COVID-19 May Increase Risk of Diabetes, New Study Claims
But recent findings published in the journal Nature show that not only are patients with diabetes more at risk of more severe outcomes, patients without diabetes who develop COVID-19 may also be at a higher risk of actually developing diabetes following recovery.
The new study suggests that patients with COVID-19 are at a significantly higher risk of developing diabetes than patients not infected by the novel coronavirus. While the study findings are alarming, researchers are trying to identify whether the virus negatively affects insulin-producing cells from the pancreas or if there is another mechanism underlying the increased diabetes risk.
A research team led by Ziyad Al-Aly, M.D., the director of the clinical epidemiology center at Missouri’s Veterans Affairs St. Louis Health Care System, was one of the first to find that survivors of COVID-19 had a 39% increased likelihood of developing a new diabetes diagnosis within six months following infection compared with noninfected patients. This increased likelihood translates to approximately 6.5 additional cases of diabetes for every 1,000 non-hospitalized patients with COVID-19.
In hospitalized patients, that probability rate rises to 37 per 1,000 patients, and further increases in patients admitted to the intensive care unit.
Al-Aly’s Nature study data were published just under a month after a U.K. study found that 50,000 hospitalized patients with COVID-19 had a 50% increased likelihood of developing diabetes approximately 20 weeks following discharge compared with matched control patients.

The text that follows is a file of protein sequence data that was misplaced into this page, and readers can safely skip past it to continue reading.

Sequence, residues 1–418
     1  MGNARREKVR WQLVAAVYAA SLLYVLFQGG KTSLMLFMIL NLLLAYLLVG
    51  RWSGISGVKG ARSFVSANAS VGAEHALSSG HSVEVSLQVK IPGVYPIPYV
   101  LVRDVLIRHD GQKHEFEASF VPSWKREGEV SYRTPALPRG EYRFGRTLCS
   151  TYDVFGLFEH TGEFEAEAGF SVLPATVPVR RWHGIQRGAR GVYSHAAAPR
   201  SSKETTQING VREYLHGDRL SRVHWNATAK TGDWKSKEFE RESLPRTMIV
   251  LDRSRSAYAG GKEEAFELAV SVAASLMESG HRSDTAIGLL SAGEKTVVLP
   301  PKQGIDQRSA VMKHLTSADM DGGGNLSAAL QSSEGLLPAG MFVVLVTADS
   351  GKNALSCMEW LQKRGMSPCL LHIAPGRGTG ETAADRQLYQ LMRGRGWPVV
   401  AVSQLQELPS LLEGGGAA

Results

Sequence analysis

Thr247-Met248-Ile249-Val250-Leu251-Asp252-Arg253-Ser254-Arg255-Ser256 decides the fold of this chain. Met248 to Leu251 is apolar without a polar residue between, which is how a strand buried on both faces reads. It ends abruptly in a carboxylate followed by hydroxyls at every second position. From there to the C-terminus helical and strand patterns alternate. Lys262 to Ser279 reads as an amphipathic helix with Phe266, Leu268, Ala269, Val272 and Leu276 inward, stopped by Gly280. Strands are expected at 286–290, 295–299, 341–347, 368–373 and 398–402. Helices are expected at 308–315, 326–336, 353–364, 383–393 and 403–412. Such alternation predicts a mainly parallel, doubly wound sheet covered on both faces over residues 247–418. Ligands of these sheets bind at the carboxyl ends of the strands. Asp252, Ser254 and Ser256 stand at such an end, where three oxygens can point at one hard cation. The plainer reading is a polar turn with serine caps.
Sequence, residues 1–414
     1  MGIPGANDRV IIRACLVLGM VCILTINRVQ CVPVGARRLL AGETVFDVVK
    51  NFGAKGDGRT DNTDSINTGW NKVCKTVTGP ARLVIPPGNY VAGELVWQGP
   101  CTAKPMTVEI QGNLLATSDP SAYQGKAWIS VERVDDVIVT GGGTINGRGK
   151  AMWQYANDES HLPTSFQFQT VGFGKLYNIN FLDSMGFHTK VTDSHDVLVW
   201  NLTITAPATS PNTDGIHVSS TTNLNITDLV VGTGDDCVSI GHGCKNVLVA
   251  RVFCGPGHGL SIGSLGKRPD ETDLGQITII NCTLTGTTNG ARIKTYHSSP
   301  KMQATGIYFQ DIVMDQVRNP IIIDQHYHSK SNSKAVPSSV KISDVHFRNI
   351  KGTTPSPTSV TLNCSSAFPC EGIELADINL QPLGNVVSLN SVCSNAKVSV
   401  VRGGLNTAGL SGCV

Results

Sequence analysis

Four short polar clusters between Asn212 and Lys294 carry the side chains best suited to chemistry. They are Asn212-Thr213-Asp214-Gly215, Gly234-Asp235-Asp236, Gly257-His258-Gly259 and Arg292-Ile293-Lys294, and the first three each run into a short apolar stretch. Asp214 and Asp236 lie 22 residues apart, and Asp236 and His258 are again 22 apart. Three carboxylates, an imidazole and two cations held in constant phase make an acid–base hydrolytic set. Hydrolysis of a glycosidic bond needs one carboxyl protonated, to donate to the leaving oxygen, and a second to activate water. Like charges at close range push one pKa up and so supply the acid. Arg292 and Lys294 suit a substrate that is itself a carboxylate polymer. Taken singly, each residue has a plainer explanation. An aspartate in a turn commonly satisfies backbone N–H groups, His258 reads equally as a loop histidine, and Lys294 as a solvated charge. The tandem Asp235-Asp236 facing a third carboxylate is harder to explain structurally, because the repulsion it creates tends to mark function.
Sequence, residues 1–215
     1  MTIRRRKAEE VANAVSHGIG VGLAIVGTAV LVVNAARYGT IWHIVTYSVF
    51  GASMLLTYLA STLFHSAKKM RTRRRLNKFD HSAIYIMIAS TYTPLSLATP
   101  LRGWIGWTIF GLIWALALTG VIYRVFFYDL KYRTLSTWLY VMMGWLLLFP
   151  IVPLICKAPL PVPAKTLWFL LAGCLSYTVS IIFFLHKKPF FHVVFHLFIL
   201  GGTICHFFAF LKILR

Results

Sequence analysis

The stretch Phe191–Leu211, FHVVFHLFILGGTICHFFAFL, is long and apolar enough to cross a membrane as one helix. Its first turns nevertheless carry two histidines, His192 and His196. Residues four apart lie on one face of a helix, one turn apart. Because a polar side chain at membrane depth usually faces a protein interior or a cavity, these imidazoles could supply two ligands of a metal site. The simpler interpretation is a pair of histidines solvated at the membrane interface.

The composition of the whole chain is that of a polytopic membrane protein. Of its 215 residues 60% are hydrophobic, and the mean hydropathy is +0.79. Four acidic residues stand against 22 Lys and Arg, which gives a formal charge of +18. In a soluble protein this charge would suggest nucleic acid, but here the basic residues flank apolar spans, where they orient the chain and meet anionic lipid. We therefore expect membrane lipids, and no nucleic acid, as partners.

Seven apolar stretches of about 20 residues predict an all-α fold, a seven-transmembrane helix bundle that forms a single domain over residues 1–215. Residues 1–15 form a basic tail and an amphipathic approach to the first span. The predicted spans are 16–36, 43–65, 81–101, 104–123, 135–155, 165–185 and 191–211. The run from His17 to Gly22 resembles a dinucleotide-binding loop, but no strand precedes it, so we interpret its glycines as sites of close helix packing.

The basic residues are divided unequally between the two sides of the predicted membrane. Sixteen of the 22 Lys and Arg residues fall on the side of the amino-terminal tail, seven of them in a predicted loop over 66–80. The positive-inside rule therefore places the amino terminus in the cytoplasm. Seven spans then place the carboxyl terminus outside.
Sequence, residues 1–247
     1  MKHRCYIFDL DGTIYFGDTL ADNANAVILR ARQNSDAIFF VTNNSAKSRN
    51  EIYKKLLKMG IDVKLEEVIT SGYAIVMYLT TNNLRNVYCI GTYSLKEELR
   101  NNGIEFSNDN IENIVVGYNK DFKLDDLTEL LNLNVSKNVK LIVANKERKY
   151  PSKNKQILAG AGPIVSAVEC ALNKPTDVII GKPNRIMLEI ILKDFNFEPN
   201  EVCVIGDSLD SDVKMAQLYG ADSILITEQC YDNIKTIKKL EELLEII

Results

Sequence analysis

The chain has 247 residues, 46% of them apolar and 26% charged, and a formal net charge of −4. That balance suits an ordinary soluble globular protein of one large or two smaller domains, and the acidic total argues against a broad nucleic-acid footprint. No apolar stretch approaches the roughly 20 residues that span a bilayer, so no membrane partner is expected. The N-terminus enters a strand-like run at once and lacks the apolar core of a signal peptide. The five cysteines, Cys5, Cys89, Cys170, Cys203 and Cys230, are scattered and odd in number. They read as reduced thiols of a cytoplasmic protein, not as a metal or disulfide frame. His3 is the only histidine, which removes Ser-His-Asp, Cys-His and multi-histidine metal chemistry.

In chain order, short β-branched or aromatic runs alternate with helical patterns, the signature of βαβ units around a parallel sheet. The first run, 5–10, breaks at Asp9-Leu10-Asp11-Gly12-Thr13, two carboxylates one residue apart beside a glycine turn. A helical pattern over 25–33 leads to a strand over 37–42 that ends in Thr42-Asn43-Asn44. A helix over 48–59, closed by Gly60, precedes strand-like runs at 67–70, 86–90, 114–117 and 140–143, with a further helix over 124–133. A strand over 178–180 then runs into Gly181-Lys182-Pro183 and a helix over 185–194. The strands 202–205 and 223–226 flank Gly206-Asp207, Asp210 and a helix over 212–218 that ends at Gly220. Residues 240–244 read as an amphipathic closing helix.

Several pathways involved in the development of diabetes in patients infected with the novel coronavirus have been proposed. While theories have suggested COVID-19 may affect the pancreas and negatively impact cells that produce insulin, it has also been indicated that a rise in sedentary lifestyles during the pandemic may also be a contributor.
Additionally, the stress of having the infection, the increased uptake of steroid therapies to improve survival and the increased utilization of healthcare resources to help unmask a previously unidentified diagnosis have also been posited.
“We have a risk of seeing a clash of two pandemics,” said Francesco Rubino, chair of metabolic and bariatric surgery at King’s College London, in an interview with Bloomberg.
In collaboration with Paul Zimmet, a professor of diabetes at Melbourne’s Monash University, Rubino established a worldwide registry comprising COVID-19-related diabetes cases. Nearly 500 clinicians across the globe are sharing data using this registry.
Participating doctors are uploading known risk factors, clinical features, lab results, treatments, and disease course of their patients. Ultimately, there’s hope that the pooled data from this registry will assist in identifying a prevalent form of the disease, in addition to potential causes and prognosis. Up to 350 cases have so far been documented through the registry.